At his mother’s urging, Jack left school at age 14 to earn money for the family. He did poorly as an office trainee before finding his calling in a local carpentry shop. He eventually enrolled in woodworking classes at a local art school.
Mr Jennings was conscripted into the British Army in 1939 and, after extensive training, traveled by boat to Singapore, arriving in January 1942. The British Army was quickly overwhelmed by the Japanese and Singapore surrendered on February 15.
“They knew where to strike, and to strike hard,” he wrote in his memoirs, adding that “there was nowhere to hide or retreat. We were trapped, civilians and soldiers.
The Japanese herded around 500 soldiers, mostly from the Cambridgeshire Regiment, onto a tennis court. On every street corner, a Japanese soldier stood guard with a machine gun. The prisoners drank dirty water and ate “hard army biscuits and chocolate rations” that their captors threw at them, Mr. Jennings wrote.
After five days, they were taken to Changi Prison and then to prison camps that the prisoners themselves had to extract from the jungle. Mr. Jennings said he spent his time building bridges and seeking treatment for his illnesses. An estimated 12,000 to 16,000 prisoners of war died during the construction of the railway. Many civilian prisoners also died.
Mr. Jennings learned of the Japanese surrender in August 1945 from leaflets left at a prison camp that read: “To all Allied prisoners of war: Japanese forces have surrendered unconditionally and the war is over.”
He returned home in October and, two months later, married his girlfriend, Mary. Three days later, he celebrated his first Christmas with his family in six years.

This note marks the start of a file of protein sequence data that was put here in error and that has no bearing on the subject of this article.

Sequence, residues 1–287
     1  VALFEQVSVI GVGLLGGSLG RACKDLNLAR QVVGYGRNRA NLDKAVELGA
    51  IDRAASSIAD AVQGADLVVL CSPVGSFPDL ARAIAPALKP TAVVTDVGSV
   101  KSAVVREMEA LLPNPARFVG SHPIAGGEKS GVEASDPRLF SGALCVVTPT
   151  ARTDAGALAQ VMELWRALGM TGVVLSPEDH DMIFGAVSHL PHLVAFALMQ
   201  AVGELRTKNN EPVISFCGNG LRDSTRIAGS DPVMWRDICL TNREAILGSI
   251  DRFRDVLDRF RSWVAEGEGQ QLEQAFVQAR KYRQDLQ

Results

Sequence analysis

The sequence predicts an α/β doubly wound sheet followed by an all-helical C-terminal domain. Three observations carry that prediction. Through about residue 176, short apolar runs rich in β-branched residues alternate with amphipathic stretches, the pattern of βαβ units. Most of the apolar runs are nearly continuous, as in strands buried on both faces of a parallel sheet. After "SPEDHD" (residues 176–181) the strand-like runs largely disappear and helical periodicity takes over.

In 1954, Pierre Boulleformer French soldier and secret agent who served in China, Burma and Indochina, published “The Bridge on the River Kwai”, a novel about the construction of a bridge by Allied prisoners. It was made into a film in 1957 starring Alec Guinness, the delusional colonel in charge of British prisoners in a Japanese prison camp, and William Holden, the American naval commander who escapes from the camp and joins a commando mission to destroy the bridge. The film, directed by David Lean, won seven Academy Awards, including Best Picture.
Complete information about survivors, besides Mr. Jennings’ daughters, was not available.
Mr. Jennings wrote his memoirs in the early 1990s, but they would not be published until years later. He made several trips to Singapore and Thailand.
One of them, in 2012, was funded by the British National Lottery, which produced a television advert featuring Mr Jennings for a campaign called “Life Changing”.
In it, he appears walking slowly with his cane through a jungle battle scene, which turns into a visit to the cemetery of Allied soldiers who died during the construction of the railway.
In an interview with the National Lottery, Mr Jennings said the Thailand he visited was “completely different” from the one he remembered. “So the old dreams faded away, you know, so I was quite surprised and relieved,” he said. “This place is really a nice tourist area now.”